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Development. 2014 Oct;141(20):3966-77. doi: 10.1242/dev.107755.

ATMIN is a transcriptional regulator of both lung morphogenesis and ciliogenesis.

Author information

1
Mammalian Genetics Unit, MRC Harwell, Harwell Science and Innovation Campus, Oxfordshire OX11 0RD, UK.
2
Section of Ophthalmology and Neurosciences, Wellcome Trust Brenner Building, Leeds Institute of Molecular Medicine, St James's University Hospital, Beckett Street, Leeds LS9 7TF, UK.
3
Department of Biology, University of Copenhagen, Universitetsparken 13, Copenhagen, OE DK-2100, Denmark.
4
Cancer Research UK and Medical Research Council Oxford Institute for Radiation Oncology, Department of Oncology, University of Oxford, Oxford OX3 7DQ, UK Department of Chemistry, Lomonosov Moscow State University, Leninskie Gory 1-11, Moscow 119991, Russia.
5
Cancer Research UK and Medical Research Council Oxford Institute for Radiation Oncology, Department of Oncology, University of Oxford, Oxford OX3 7DQ, UK.
6
MRC National Institute for Medical Research, Mill Hill, London NW7 1AA, UK.
7
Mammalian Genetics Unit, MRC Harwell, Harwell Science and Innovation Campus, Oxfordshire OX11 0RD, UK d.norris@har.mrc.ac.uk.

Abstract

Initially identified in DNA damage repair, ATM-interactor (ATMIN) further functions as a transcriptional regulator of lung morphogenesis. Here we analyse three mouse mutants, Atmin(gpg6/gpg6), Atmin(H210Q/H210Q) and Dynll1(GT/GT), revealing how ATMIN and its transcriptional target dynein light chain LC8-type 1 (DYNLL1) are required for normal lung morphogenesis and ciliogenesis. Expression screening of ciliogenic genes confirmed Dynll1 to be controlled by ATMIN and further revealed moderately altered expression of known intraflagellar transport (IFT) protein-encoding loci in Atmin mutant embryos. Significantly, Dynll1(GT/GT) embryonic cilia exhibited shortening and bulging, highly similar to the characterised retrograde IFT phenotype of Dync2h1. Depletion of ATMIN or DYNLL1 in cultured cells recapitulated the in vivo ciliogenesis phenotypes and expression of DYNLL1 or the related DYNLL2 rescued the effects of loss of ATMIN, demonstrating that ATMIN primarily promotes ciliogenesis by regulating Dynll1 expression. Furthermore, DYNLL1 as well as DYNLL2 localised to cilia in puncta, consistent with IFT particles, and physically interacted with WDR34, a mammalian homologue of the Chlamydomonas cytoplasmic dynein 2 intermediate chain that also localised to the cilium. This study extends the established Atmin-Dynll1 relationship into a developmental and a ciliary context, uncovering a novel series of interactions between DYNLL1, WDR34 and ATMIN. This identifies potential novel components of cytoplasmic dynein 2 and furthermore provides fresh insights into the molecular pathogenesis of human skeletal ciliopathies.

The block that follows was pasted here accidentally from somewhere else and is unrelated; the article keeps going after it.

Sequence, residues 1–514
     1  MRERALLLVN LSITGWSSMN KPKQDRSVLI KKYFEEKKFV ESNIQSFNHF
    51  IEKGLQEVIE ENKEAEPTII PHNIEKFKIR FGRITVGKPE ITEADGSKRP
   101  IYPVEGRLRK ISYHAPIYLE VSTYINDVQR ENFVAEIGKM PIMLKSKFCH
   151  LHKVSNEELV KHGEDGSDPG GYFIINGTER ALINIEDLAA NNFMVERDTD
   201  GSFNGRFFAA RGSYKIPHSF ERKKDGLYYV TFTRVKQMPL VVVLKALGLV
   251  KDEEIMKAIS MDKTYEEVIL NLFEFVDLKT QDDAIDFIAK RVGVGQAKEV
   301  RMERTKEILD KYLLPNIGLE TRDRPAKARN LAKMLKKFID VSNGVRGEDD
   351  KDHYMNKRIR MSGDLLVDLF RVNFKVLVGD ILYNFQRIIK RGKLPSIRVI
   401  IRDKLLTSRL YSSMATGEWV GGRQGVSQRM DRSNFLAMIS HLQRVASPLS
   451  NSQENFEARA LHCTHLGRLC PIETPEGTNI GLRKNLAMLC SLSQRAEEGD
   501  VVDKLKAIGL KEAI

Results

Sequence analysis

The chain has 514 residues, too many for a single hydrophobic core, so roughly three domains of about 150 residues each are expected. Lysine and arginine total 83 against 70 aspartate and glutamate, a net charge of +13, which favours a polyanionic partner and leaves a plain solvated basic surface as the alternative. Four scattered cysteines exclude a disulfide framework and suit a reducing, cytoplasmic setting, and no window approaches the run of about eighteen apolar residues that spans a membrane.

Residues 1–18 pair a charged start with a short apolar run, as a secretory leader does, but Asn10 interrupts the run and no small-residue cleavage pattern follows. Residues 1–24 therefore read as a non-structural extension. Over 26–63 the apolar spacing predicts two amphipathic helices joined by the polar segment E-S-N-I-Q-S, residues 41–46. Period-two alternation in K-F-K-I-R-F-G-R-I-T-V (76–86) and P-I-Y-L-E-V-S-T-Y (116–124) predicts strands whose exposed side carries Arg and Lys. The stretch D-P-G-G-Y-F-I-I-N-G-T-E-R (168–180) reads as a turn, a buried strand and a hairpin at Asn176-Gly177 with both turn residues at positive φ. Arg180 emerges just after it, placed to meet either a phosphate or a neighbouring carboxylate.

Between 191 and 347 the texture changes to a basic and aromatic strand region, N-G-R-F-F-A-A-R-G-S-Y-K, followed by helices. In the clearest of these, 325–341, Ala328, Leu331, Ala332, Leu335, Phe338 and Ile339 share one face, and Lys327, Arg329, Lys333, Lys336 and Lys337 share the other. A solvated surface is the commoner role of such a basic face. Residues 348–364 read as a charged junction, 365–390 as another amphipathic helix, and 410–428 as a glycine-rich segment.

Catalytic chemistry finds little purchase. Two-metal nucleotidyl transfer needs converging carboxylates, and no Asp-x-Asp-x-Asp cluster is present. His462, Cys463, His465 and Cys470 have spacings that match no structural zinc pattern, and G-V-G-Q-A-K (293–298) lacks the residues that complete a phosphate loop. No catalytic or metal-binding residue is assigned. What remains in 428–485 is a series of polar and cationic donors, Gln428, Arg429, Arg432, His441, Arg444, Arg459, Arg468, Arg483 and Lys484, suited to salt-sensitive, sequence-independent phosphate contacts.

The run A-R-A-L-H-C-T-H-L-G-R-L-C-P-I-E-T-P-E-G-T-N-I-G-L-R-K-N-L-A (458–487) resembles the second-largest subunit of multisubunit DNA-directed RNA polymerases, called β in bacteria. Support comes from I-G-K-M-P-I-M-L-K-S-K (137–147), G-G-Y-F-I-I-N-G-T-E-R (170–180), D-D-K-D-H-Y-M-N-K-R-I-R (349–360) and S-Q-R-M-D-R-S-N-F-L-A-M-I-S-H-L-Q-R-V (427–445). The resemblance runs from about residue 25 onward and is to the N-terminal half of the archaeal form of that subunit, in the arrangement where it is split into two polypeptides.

KEYWORDS:

Asciz; Atmin; Ciliogenesis; Ciliopathy; Dynll1; Mouse

PMID:
25294941
PMCID:
PMC4197704
DOI:
10.1242/dev.107755
[Indexed for MEDLINE]
Free PMC Article

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